As far as GTD for lawyers does, while the issues and principals are the same, it is their application to a particular work environment and system that may be peculiar to the profession. Indeed, without being familiar with architecture, accounting or massage therapy, I would not rule out a particular GTD approach geared specifically to any of those professions.

                  For instance, in the past I have struggled, and continue to debate what "altitude" my individual clients/cases occupy. They're each bigger than projects (which would be reviewed weekly) and therefore shouldn't clog up my Projects list, but are more discreet than any particular "area of focus" (which would be reviewed less frequently, perhaps monthly or quarterly). For example, my "areas of focus" currently include "litigation" (not each particular case), staff relations, new client development, etc.

                  Presently, I've come up with this in-between 15K altitude which gives me something to review weekly or as desired, but doesn't clog up either my 10K project level or my 20K areas of focus level.

                  If this is helpful to other attorneys in the same situation, great. At the same time, I always enjoy hearing how others handle similar situations.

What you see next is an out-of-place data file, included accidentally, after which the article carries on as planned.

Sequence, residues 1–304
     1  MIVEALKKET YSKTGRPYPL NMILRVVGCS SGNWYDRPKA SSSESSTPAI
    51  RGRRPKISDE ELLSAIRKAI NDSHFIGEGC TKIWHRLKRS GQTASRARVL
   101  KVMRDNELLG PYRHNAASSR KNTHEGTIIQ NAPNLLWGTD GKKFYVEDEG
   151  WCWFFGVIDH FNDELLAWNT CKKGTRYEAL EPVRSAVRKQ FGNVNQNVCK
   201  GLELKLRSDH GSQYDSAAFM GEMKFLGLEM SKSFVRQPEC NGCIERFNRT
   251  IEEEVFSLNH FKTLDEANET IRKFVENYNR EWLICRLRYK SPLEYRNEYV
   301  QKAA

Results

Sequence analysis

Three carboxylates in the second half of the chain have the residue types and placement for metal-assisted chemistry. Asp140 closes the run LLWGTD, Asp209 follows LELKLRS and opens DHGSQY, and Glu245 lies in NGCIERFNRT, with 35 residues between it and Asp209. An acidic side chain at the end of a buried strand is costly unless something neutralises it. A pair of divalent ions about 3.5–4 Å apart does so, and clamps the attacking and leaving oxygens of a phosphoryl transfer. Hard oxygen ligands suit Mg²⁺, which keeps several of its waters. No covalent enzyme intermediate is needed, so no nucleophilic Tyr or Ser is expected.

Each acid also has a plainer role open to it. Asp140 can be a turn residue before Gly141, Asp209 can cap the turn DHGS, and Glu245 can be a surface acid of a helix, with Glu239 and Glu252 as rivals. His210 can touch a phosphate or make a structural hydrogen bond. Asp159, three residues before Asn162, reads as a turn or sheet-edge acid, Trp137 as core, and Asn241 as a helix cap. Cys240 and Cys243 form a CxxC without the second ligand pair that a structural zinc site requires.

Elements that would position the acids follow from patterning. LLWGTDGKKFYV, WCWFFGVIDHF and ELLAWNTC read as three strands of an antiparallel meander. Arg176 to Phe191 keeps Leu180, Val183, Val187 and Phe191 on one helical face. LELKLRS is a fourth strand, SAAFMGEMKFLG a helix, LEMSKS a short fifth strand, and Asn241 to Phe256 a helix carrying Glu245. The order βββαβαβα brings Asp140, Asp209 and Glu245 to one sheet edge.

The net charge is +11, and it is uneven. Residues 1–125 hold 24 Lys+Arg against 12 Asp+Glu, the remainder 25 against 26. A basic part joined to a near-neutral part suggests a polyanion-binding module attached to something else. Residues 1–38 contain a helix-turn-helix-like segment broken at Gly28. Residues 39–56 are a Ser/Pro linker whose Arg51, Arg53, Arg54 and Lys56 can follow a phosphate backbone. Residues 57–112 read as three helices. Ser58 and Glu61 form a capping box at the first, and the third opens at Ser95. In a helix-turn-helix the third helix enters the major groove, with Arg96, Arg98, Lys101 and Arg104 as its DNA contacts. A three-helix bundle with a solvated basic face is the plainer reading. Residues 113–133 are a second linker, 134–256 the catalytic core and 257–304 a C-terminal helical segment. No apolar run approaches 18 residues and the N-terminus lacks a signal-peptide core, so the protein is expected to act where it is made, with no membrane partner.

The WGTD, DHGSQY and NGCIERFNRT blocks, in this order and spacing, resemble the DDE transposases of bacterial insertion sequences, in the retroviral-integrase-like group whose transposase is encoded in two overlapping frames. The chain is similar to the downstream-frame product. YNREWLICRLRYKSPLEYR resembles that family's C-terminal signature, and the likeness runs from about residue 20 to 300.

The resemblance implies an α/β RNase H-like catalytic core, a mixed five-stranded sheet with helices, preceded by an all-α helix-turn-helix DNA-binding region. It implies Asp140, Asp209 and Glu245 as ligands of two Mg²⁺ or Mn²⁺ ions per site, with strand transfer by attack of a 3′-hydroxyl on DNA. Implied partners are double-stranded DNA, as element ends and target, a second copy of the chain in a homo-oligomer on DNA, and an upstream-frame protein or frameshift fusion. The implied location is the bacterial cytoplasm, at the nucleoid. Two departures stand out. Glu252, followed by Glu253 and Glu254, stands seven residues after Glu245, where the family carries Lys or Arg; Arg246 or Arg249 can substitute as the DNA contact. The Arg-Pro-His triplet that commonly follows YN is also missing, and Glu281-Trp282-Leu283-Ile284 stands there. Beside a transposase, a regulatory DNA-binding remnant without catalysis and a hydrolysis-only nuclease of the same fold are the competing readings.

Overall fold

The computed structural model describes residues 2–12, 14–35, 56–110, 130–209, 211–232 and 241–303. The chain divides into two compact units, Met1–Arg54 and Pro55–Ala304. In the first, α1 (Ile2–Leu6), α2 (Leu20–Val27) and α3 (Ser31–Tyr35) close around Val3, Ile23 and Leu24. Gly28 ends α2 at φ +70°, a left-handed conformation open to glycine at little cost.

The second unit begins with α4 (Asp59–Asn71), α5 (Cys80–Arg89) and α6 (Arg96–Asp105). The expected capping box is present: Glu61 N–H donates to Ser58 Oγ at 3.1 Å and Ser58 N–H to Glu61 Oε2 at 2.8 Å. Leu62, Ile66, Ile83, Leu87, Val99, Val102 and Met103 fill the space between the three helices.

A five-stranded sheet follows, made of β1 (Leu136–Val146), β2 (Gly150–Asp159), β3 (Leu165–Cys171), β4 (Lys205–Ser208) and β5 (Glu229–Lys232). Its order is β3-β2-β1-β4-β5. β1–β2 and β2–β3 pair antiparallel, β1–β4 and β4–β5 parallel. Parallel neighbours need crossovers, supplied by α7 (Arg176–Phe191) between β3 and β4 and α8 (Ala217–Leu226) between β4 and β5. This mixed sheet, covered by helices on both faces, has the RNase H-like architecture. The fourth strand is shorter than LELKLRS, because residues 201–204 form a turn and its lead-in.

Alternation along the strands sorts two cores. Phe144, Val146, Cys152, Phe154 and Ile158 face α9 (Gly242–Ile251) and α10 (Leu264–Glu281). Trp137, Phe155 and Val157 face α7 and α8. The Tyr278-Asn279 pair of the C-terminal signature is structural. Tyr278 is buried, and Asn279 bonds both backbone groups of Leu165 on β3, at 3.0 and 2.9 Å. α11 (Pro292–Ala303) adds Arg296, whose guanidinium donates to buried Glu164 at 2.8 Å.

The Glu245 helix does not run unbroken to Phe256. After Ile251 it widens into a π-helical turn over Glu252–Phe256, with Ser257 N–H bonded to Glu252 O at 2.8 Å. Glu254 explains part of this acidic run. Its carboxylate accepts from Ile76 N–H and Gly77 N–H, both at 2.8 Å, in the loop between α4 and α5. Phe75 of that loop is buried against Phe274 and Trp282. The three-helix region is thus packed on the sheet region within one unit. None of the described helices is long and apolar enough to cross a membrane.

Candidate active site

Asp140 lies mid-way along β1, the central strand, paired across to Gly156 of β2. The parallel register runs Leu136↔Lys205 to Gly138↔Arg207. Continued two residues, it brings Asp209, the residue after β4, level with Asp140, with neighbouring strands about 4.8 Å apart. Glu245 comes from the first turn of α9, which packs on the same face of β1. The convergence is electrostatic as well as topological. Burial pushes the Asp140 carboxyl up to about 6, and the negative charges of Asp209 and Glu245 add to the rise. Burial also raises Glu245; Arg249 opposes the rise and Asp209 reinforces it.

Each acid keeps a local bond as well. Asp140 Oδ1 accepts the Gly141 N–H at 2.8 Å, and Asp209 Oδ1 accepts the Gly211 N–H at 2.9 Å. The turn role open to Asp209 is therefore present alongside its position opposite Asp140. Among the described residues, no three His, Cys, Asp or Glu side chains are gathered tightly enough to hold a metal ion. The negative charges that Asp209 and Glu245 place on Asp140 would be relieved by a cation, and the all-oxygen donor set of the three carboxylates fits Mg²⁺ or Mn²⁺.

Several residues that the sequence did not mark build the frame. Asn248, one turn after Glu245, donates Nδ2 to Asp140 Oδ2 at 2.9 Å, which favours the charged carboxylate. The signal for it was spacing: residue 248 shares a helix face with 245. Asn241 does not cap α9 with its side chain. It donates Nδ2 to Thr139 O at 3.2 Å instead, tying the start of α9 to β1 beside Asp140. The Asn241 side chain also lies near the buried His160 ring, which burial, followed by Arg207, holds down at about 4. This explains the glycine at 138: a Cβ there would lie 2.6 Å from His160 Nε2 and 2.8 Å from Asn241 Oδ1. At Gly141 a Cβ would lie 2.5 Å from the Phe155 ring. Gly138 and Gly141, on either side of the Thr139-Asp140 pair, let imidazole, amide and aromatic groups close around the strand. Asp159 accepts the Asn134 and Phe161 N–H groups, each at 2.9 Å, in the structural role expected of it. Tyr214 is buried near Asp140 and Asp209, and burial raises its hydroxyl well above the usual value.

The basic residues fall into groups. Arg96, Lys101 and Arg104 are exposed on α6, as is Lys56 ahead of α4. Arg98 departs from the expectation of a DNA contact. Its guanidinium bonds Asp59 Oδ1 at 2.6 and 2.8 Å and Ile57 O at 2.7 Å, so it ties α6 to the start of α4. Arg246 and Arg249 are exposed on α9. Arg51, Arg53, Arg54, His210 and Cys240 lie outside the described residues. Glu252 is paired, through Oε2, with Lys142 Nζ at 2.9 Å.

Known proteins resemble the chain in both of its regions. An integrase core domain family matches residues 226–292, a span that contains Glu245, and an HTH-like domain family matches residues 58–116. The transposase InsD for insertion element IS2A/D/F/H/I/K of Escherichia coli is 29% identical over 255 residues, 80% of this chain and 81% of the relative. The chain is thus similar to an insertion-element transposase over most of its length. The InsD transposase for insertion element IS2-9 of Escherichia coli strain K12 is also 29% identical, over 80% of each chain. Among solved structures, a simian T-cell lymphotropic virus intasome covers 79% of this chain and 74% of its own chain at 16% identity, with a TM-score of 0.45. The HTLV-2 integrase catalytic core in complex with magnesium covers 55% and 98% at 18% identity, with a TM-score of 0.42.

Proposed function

Comment


                  • #10
                    I'm sorry if my response offended anyone. I didn't mean to be anti-lawyer, and I would certainly have no problem with lawyers discusssing among themselves how they get things done. I'm aware that there are certain work issues that are unique to lawyers.

                    What I was really objecting to is the subdividing of GTD, which I think we can all agree is a great concept on its own. We already have two major factions: Palm vs Paper. Then we have subgroups in those factions: Plain Vanilla Palm vs. Add-on Applications. Daytimer vs. Franklin Covey. etc...

                    I'm a Network Administrator, and I have no interest in GTD for Network Administrators. I'm interested in GTD, and it has been a lifesaver for me. Yes, we all take the basic concepts and personalize them for our own usage. But I think it can be taken to an extreme. And that's what I was trying to say.

                    Comment


                    • #11
                      Originally posted by TPorter2
                      . . . I would certainly have no problem with lawyers discusssing among themselves how they get things done. I'm aware that there are certain work issues that are unique to lawyers.
                      This is exactly what we are doing. Where else are you going to find other lawyers who are working on GTD? That's what the board is for.

                      Whether or not you are a lawyer, I imagine that there are issues that will be discussed in this thread that you will confront in your professional life as well. I learn something from many different threads. I use a Palm, but I can still learn things from the paper-based threads. I use Outlook and Windows, but even discussions of Excel-based GTD and Ecco give me something to think about.

                      Pam

                      Comment


                      • #12
                        GTD for Lawyers